(Twentieth-Century Literary Criticism)

SOURCE: Kehl, D. G., and Allene Cooper. “Sangria in the Sangreal: The Great Gatsby as Grail Quest.” Rocky Mountain Review of Language and Literature 47, no. 4 (1993): 203-17.

[In the following essay, Kehl and Cooper explore F. Scott Fitzgerald's fascination with Arthurian myths, focusing on his use of the Grail legend in The Great Gatsby in particular.]

Near the end of Fitzgerald's This Side of Paradise, Amory Blaine, returning to Princeton after his disillusioning sojourn in Atlantic City, concludes that he knows one thing: “If living isn't a seeking for the grail it may be a damned amusing game” (278). For Fitzgerald, by the time he wrote...

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Barbara Tepa Lupack (essay date winter 1994)

(Twentieth-Century Literary Criticism)

SOURCE: Lupack, Barbara Tepa. “F. Scott Fitzgerald's ‘Following of a Grail’.” Arthuriana 4, no. 4 (winter 1994): 324-47.

[In the following essay, Lupack chronicles the inclusion of Arthurian motifs, the wasteland, and the Grail quest in many of F. Scott Fitzgerald's works, remarking that the author's interest in these stories also carried over into his personal life.]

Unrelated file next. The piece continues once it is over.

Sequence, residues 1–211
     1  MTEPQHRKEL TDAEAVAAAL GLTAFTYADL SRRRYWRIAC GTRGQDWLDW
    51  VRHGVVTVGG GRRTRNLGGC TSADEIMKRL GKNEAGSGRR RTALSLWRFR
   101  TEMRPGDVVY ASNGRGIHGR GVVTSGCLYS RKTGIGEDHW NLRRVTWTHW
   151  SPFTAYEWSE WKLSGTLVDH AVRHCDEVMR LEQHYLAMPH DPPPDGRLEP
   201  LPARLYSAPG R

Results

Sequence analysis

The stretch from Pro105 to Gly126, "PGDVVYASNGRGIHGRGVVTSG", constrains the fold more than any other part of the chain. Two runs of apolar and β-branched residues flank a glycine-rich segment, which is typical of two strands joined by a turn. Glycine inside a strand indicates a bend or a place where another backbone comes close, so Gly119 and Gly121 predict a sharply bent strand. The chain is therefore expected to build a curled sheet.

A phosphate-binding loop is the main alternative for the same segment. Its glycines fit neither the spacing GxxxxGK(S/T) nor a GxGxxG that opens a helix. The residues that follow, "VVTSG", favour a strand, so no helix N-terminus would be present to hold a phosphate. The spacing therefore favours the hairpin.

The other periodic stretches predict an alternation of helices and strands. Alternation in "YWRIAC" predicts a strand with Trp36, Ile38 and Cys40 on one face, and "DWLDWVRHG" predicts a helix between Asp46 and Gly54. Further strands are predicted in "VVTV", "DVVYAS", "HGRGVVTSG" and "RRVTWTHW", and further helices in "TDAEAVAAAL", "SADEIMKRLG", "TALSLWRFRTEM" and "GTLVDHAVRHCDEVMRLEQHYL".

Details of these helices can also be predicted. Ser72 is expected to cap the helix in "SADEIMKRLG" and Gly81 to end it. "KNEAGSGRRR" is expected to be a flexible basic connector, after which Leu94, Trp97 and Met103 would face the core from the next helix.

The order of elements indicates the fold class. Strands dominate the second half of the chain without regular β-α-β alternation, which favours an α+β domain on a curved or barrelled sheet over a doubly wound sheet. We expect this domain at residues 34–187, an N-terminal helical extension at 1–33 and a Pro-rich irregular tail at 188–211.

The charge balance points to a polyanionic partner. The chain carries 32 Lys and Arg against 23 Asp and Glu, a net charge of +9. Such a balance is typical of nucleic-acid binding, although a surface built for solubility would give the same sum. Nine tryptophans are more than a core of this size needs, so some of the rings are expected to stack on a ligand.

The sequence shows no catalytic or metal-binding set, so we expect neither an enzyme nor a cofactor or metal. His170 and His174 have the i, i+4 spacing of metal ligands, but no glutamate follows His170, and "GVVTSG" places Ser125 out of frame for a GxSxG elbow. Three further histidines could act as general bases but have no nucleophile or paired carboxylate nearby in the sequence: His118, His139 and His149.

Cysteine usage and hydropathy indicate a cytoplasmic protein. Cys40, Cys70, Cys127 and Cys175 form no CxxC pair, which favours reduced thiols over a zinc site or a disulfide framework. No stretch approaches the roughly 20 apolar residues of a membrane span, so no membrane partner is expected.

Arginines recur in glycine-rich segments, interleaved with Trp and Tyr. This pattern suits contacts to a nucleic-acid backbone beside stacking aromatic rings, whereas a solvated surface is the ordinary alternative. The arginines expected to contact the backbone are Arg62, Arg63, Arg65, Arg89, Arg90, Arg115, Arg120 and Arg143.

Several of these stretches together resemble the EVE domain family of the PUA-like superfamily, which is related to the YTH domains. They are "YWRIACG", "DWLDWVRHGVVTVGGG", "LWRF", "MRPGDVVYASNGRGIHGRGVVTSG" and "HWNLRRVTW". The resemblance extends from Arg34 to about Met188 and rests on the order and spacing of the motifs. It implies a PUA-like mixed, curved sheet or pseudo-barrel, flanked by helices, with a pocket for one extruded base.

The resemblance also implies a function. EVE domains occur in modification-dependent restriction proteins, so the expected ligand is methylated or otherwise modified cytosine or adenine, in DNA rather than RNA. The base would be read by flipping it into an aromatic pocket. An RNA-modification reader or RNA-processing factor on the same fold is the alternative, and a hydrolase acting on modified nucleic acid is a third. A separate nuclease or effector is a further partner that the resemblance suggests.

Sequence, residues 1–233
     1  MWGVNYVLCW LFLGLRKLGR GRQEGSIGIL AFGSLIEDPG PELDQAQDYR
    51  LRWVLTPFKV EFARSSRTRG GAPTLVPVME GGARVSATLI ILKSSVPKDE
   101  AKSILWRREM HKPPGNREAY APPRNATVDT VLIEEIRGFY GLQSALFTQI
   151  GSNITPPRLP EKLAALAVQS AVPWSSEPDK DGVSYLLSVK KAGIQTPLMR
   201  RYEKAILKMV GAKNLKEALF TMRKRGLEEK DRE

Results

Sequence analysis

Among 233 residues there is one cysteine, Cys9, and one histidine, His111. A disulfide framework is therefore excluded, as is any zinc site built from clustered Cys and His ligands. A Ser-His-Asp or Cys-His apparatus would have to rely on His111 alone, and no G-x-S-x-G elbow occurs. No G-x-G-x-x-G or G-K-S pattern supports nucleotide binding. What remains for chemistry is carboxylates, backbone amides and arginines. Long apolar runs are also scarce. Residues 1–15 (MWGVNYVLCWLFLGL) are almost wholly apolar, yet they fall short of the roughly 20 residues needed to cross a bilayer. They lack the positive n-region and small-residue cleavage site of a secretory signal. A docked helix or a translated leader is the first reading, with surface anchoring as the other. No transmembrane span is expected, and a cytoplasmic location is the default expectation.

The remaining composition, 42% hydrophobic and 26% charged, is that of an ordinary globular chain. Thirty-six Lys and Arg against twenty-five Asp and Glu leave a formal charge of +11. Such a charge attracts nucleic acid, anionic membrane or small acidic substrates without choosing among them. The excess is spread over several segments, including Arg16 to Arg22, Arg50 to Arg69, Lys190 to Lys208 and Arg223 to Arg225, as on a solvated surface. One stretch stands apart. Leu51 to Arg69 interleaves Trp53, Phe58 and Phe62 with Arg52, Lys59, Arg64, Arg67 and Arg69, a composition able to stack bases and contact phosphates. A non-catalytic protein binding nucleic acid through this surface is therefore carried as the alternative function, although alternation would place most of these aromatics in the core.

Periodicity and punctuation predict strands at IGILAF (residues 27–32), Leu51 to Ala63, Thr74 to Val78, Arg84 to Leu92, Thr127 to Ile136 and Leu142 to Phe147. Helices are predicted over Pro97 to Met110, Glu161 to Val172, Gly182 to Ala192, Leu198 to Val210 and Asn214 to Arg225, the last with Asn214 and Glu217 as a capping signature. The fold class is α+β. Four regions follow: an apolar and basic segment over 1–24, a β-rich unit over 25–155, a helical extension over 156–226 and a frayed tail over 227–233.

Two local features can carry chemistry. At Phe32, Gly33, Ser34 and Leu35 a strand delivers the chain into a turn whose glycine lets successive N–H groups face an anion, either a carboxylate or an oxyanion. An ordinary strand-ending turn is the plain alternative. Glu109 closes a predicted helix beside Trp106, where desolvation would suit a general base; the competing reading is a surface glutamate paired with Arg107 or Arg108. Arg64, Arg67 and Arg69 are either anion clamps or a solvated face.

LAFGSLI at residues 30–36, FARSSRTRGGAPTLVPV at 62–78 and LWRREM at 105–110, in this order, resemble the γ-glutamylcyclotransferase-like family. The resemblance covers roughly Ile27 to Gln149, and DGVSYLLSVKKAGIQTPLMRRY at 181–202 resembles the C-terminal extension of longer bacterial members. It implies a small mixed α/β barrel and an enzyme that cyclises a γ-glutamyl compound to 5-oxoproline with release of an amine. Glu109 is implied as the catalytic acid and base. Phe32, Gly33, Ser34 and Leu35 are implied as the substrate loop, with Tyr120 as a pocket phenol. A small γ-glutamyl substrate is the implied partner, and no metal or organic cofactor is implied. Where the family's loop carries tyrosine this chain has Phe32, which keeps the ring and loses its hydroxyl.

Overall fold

The Arthurian legends appealed not only to T. S. Eliot, Edwin Arlington Robinson, and other American poets of the early twentieth century but also to some of the most prominent American novelists as well. F. Scott Fitzgerald, the great chronicler of the Jazz Age, found special vitality and...

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Charles Moorman (essay date 2000)

(Twentieth-Century Literary Criticism)

SOURCE: Moorman, Charles. “T. S. Eliot.” In The Grail: A Casebook, edited by Dhira P. Mahoney, pp. 505-23. New York: Garland Publishing Inc., 2000.

[In the following essay, Moorman analyses T. S. Eliot's literary and philosophical development, specifically his ideas on the creation of literary myths and use of the Grail legend in his poetry. Moorman contends that Eliot's spiritual viewpoint was central to his writing, and in The Waste Land the legend of the grail assumes a position of vital importance because of its connections with images of religious fertility.]

So much has been written about T. S. Eliot's literary and philosophical development that it...